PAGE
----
Is it legal to sell cannabis seeds?
Cannabis seeds are illegal to sell across state lines due to the ongoing federal prohibition against cannabis and cannabis products. However, depending on state law, consumers may be able to purchase cannabis seeds legally from a breeder, dispensary, or other cannabis business – even if they don’t have a license to sell cannabis products that contain THC.
Cannabis seeds find themselves in a legal grey area because they don’t contain any THC – when a cannabis product contains 0.3% THC content or less, it is considered legal since the signing of the 2018 Farm Bill. However, they remain federally illegal to buy and sell. In states where cannabis is legal, cannabis seeds could sometimes be bought and sold within state borders by licensed businesses only, depending on state law. State laws governing the sale of cannabis seeds can vary from state to state.
Can retailers who sell cannabis seeds get a bank account?
For THC licensees who also sell cannabis seeds, banking is available as it would be for other activities that fall under the scope of that license. In other words, a dispensary would have little trouble adding cannabis seeds to their inventory if they already worked with a cannabis-friendly bank.
However, unlike THC licensees, there is not a clear federal regulatory framework on how to bank money derived from state-compliant cannabis seeds sales from non-THC licensed operators. As a result, this sector of the legal cannabis industry comes with a great deal of uncertainty and risk, every banker’s least favorite combination.
So, for example, a garden shop stocks all types of seeds, including cannabis seeds, which become a substantial portion of the shop’s business. Unlike a licensed dispensary, this garden shop does not deal in other cannabis products, and yet cannabis seeds remain a significant percentage of overall revenue. The regulations that bank examiners use for THC licensees doesn’t necessarily apply to the garden shop and so many bankers remain uncertain how to approach this type of situation (and therefore tend to avoid it).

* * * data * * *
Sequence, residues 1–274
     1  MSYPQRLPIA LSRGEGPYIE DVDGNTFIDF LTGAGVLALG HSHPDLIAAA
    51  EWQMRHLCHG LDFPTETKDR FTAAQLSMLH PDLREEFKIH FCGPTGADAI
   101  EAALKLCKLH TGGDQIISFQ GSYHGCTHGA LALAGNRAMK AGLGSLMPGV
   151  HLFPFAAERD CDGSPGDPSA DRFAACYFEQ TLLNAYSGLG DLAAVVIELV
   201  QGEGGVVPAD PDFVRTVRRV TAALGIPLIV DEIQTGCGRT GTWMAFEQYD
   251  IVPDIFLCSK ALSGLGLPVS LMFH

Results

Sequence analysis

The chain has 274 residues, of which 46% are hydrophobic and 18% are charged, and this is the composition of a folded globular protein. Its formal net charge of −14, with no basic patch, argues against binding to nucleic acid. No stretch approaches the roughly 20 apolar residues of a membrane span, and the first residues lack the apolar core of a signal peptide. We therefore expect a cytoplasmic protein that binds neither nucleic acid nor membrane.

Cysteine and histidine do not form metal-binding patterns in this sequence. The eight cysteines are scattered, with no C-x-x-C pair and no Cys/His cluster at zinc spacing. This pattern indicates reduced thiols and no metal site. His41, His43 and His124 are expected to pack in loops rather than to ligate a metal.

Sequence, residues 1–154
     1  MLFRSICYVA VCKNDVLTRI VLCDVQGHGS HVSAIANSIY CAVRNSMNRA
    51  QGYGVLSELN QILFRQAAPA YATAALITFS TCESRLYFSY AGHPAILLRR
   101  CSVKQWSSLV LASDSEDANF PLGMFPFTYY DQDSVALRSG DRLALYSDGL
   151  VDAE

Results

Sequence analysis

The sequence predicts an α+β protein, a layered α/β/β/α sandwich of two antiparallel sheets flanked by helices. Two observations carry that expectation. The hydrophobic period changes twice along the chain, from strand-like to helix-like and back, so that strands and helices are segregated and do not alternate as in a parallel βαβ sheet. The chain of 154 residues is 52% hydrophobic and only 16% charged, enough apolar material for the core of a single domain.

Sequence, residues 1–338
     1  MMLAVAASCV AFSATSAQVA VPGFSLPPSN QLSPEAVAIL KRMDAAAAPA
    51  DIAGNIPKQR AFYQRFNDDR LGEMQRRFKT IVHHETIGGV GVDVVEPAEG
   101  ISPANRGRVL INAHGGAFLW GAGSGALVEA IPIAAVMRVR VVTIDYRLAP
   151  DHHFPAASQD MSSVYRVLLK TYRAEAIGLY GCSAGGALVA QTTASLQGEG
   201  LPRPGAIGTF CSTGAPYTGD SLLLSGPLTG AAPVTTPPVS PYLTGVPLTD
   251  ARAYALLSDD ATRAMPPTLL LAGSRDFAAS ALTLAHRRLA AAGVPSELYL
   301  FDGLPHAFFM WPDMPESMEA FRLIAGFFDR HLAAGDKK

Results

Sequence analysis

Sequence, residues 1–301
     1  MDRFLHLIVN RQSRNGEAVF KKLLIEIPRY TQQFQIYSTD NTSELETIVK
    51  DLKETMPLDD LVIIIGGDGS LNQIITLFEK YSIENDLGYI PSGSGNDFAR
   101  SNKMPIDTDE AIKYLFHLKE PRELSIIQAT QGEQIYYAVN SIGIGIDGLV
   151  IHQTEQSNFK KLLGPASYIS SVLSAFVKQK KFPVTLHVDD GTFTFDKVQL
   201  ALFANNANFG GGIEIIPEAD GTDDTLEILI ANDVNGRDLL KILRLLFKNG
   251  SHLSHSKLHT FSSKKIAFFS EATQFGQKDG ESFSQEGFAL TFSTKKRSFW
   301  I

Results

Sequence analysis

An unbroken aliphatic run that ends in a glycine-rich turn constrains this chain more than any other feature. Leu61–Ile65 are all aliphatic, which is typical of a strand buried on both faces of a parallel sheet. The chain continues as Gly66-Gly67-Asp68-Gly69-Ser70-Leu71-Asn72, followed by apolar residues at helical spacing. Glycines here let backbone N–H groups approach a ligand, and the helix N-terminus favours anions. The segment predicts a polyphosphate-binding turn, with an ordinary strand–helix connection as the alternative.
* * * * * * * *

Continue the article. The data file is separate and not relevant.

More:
In this way, cannabis seeds are more like CBD products or Delta-8-THC: largely unregulated from a banking perspective.
The difference between CBD banking and cannabis seeds banking, though, is that while the U.S. cannabis seeds market is expected to eclipse $1.5 billion in total value by 2027, the American CBD industry already drives more than that in sales each year. More niche sectors of the industry like the cannabis seed trade and Delta-8 THC distillates face an even steeper uphill battle in securing compliant banking and merchant processing services than CBD businesses.
That’s not to say banking isn’t available for these sectors. However, bankers generally tend to be less informed about cannabis seeds than THC licensees or even CBD businesses. At any time, a bank could take a closer look at sectors like cannabis seeds or Delta-8-THC and decide the uncertainty is too great and the business opportunity too small (relative to broader markets like CBD) to take the risk – at any time, a bank could choose to terminate these accounts and suspend merchant processing services.
Cannabis seeds businesses might be legal in your state but remain federally illegal – and without a THC license, it’s not exactly clear to bankers how to compliantly manage your account. However, unlike THC licensees, federal bank examiners have produced no real guidance on how to bank profits earned through the purchase and sale of cannabis seeds. While THC licensees handle a federally illegal product, bankers have guidance, and therefore more certainty, on how to bank them in a compliant manner. There is no such assurance when it comes to cannabis seeds businesses.